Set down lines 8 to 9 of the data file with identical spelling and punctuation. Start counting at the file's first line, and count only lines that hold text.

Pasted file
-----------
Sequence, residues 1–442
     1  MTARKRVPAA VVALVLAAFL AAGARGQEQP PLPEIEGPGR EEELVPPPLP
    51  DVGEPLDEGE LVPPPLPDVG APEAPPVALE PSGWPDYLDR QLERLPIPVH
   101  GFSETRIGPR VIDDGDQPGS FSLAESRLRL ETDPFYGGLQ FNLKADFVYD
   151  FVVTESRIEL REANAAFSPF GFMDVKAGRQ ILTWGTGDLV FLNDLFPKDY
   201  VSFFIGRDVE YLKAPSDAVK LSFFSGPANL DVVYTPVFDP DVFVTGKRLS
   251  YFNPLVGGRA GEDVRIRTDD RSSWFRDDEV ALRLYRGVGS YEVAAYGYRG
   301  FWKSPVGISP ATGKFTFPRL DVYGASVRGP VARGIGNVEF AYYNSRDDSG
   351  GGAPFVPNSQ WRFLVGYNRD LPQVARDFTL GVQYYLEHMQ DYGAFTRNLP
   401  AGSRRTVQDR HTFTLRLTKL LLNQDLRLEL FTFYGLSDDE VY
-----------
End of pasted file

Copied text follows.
   301  FWKSPVGISP ATGKFTFPRL DVYGASVRGP VARGIGNVEF AYYNSRDDSG
   351  GGAPFVPNSQ WRFLVGYNRD LPQVARDFTL GVQYYLEHMQ DYGAFTRNLP